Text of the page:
Crucial life skills learnt by the wisdom of archery.

Don’t aim at success — the more you aim at it and make it a target, the more you are going to miss it. For success, like happiness, cannot be pursued. It must ensue. It is a side effect of being dedicated to a course greater than oneself.

— Victor Frankl, Men’s Search for Meaning.

An experiment. Starting with archery.

In order to serve the non-german speaking folks, I decided to have pieces of an old blog of mine from back in 2016 published here. The first one is about the archery metaphor. Translations to come.

What they don’t teach you at law school

Not so long ago I finished law school. It took me quite some time to attain my bar exams and I faced a lot of frustration and set backs down the road. There were plenty of times when I genuinely hated it. That was not because of the topic itself. Law is interesting and powerful and one might even find beauty in the sometimes strange intricacy. But I struggled. Repeatedly running into the same obstacles. Until I began to embed the wisdom of archery in my work. It is the structure of how I made things flow. And the same structure  and I found  that it can help in a variety of situations. So without further ado, here it is.

The problem: the bee, the swimmer and the saw.

An exaggerated metaphor and the opposite of archery is a bee trying to fly through a window: It crushes against the glass wall again and again, making no progress whatsoever. It drains all its energy and puts maximum effort into something it cannot achieve. The poor thing ends up fully exhausted with no positive results. It gives its all without getting anything.

Or look at a swimmer who has a powerful body but has not yet learnt to breathe properly. It won’t be long time through the waters before he has to take a brake to fill his lungs with some oxygen. Lastly let’s take a look at the guy in the woods who wants to cut a tree. He has a a perfect cutting technique, a high end saw and a gorgeous cheerleader squad (maybe?) but one problem — his saw is blunt. The man can go on forever and ever. He will be utterly unable to cut that tree.

While being focused only on results can lead you down the same road those three fellows found themselves on. There is the danger of forgetting about crucial preconditions which have to be met in order for the result to become a possibility. The bee has to find a route that is flyable in order to achieve freedom. The swimmer has to acquire a proper breathing technique in order to be sustainable. The man in the woods has to sharpen his saw in order to make progress.

So look at your goal. And look at your situation. What is the route that takes you from here to there? What are the preparations that you must do now in order for your achievement to become a possibility?

Solution — the archery metaphor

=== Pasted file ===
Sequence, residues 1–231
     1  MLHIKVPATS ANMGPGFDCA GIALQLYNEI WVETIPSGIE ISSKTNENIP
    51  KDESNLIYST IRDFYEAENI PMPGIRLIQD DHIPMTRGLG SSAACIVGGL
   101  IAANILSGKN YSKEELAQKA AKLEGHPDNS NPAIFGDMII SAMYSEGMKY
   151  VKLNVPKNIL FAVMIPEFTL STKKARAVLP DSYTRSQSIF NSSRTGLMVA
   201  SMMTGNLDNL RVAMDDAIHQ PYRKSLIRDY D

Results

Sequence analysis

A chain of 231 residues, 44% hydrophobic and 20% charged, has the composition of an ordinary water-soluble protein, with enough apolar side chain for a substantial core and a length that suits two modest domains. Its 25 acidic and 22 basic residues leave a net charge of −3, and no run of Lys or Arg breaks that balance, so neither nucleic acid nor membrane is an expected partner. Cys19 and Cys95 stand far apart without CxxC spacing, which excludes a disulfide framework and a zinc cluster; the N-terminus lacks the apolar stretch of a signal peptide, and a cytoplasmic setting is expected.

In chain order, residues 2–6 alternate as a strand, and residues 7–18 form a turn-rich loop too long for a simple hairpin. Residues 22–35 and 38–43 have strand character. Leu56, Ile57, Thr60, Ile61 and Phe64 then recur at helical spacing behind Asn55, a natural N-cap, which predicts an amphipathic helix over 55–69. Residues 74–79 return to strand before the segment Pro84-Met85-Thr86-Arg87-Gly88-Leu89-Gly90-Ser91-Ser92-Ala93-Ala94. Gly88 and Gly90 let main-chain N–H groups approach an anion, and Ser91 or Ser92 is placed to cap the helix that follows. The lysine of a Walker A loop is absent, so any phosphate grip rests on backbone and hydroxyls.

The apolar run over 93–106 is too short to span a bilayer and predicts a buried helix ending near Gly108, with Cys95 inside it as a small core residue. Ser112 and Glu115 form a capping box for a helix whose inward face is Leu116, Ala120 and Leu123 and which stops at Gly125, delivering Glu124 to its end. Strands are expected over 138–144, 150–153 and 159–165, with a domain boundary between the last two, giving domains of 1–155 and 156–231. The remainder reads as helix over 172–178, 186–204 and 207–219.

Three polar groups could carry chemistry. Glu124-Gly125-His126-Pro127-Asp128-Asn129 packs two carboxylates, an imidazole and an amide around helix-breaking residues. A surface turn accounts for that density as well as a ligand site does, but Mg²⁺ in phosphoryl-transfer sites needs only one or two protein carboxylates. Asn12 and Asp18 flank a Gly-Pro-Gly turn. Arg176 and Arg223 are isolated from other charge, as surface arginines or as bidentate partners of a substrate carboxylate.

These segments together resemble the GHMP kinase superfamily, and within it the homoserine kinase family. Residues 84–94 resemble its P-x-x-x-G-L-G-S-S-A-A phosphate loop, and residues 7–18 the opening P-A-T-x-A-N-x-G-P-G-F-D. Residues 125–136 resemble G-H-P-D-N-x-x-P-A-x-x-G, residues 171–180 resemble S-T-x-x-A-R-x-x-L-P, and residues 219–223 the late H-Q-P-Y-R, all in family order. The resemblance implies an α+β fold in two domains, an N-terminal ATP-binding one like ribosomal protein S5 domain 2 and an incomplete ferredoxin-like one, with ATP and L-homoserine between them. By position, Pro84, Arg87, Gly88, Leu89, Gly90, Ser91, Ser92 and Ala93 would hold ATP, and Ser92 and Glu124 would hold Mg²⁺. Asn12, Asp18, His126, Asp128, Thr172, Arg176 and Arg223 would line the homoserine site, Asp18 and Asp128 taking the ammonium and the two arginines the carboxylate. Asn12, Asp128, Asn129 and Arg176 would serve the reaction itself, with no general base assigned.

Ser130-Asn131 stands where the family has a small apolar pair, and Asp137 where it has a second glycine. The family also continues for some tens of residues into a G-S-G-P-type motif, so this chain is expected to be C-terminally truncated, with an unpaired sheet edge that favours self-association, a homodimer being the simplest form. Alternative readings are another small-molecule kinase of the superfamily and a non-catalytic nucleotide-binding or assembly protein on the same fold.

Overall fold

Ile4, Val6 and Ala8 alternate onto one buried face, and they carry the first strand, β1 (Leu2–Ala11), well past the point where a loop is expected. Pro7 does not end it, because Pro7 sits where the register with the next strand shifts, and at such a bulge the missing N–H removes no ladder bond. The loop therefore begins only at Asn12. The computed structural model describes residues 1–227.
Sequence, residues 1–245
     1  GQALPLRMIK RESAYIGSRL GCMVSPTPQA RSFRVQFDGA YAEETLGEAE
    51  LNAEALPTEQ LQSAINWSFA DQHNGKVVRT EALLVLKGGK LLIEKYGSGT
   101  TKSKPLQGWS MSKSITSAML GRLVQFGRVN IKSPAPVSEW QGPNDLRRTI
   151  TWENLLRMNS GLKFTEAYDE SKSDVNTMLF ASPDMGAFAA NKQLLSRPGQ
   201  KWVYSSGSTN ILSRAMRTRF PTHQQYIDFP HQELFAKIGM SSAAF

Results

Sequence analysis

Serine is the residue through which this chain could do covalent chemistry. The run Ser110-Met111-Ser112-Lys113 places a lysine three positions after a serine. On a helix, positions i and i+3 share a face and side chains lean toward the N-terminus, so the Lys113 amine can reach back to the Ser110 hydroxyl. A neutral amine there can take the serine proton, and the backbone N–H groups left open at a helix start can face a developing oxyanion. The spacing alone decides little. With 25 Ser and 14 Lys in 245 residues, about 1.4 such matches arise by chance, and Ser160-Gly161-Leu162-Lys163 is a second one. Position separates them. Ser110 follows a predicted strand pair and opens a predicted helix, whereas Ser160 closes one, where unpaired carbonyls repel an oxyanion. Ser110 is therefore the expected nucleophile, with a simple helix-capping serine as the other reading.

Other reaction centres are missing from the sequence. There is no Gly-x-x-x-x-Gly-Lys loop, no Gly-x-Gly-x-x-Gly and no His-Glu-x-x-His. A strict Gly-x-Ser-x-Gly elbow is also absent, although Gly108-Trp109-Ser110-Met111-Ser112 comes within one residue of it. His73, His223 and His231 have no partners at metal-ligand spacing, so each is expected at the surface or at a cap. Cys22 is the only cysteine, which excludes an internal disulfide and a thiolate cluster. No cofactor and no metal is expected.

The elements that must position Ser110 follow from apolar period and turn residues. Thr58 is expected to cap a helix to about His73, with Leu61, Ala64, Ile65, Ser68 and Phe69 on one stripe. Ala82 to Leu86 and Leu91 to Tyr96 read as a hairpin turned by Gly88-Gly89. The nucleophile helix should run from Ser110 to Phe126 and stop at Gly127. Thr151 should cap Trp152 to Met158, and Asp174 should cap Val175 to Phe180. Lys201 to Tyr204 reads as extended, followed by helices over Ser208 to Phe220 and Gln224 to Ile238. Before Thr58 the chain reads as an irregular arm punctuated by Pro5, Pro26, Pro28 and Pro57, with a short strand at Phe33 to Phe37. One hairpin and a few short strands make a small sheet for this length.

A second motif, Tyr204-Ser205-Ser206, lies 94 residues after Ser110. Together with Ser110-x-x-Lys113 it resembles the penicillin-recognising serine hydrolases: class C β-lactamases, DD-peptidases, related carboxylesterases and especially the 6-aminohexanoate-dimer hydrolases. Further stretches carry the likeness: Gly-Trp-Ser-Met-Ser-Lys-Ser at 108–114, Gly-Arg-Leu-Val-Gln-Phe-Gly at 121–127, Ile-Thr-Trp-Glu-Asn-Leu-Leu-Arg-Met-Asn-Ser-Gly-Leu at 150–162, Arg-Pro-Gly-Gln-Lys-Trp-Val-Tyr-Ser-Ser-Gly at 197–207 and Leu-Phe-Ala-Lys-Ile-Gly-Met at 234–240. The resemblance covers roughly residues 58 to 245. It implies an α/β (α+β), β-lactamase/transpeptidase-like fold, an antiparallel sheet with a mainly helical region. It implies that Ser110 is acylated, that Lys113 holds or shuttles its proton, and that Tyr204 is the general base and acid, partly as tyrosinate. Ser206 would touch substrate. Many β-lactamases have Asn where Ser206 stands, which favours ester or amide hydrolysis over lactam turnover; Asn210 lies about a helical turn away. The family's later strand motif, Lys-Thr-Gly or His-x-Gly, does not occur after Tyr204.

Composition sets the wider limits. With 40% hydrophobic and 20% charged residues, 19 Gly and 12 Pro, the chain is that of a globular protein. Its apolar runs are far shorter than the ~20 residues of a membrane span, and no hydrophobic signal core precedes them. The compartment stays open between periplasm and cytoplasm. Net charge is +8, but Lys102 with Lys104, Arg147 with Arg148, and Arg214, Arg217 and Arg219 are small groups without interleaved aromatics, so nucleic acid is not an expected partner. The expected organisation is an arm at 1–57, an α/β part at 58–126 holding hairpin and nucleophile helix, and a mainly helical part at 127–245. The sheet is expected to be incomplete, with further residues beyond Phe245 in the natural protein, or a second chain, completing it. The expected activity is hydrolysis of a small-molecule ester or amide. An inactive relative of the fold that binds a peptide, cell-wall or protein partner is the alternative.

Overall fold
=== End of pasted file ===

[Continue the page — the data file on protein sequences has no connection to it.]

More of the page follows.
When you do archery, you do not focus on the target. Instead you focus on the current step. You focus on your posture, on your breathe, on your holding the bow, on the wind around you, on your stance. That way you become as aware as possible. Every single step taken with maximum attention. You make yourself flow into your target. You go through the whole process with mindfulness. Thereby you lay your ground, you build your bridge. Create the wave that carries you into your goal.

Eventually, hitting your target becomes a no brainer. Now you can use the archery metaphor on situations that require distinct action taking in order to achieve a certain goal. If you want to have more friends but face a challenge at meeting new people, put yourself in social situations on purpose and get used to talking to strangers. If you want to get fitter but seem to be unable to find the time and get started, shape your environment in a way that makes taking action easy: Block the time to work out, replace all your junk food with healthy alternatives, go to bed with running clothes on so in the morning you have no excuses and just start to run.

In short: reshape and establish the infrastructure of your life so that your dreams and goals emerge at the horizons of your reachability and thus become accessible, ultimately inevitable. Notice, if you will, that the act of reshaping and establishing is the process of achieving your goal and the most vital and efficient path of action taking.

The archery metaphor is actionable:

In order to put the archery metaphor into practice follow those three simple steps:

  1. Destruct your desired achievement and thereby attain precise knowledge about the process that will lead you to it. What milestones do you need to reach? Which habits are necessary? What ressources will you have to tap into? How can you shape your environment in a way that it lifts you into your goals?
  2. Make a list of baby steps to shape your environment so you will kick of the process. Steps that you can put into your calender and execute on. Those won’t make you achieve immediately. But they will move you forward. Most important: By taking them, you gain momentum and begin to grow. That’s where the fun of achieving goal unfolds.
  3. Now put those steps into your calender and make sure to execute fast. The sooner the better. No more than 72 hours before you get going.

 

(Truth be told – My experience at practicing the art of archery is humble. 3 hours maybe. Completed at various amusement parks. Yet the wisdom worked for me. I became a lawyer.)

You want to go deeper and receive bespoke advice on how to use the archery metaphor to create your optimum reality?
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Best wishes

Lion

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